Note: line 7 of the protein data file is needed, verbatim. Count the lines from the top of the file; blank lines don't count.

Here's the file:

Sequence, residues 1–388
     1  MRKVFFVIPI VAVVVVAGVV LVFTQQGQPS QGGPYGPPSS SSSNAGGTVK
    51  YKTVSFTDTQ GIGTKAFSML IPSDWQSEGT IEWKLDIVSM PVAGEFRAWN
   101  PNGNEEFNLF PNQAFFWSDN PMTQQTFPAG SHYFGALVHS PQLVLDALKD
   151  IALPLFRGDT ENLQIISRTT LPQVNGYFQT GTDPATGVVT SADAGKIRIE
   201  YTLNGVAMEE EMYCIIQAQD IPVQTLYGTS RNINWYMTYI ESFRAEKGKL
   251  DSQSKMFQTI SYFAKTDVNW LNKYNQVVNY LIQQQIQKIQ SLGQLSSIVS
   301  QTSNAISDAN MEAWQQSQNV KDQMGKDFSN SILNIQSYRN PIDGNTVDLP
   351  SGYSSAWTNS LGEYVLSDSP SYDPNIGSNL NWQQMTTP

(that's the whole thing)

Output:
   251  DSQSKMFQTI SYFAKTDVNW LNKYNQVVNY LIQQQIQKIQ SLGQLSSIVS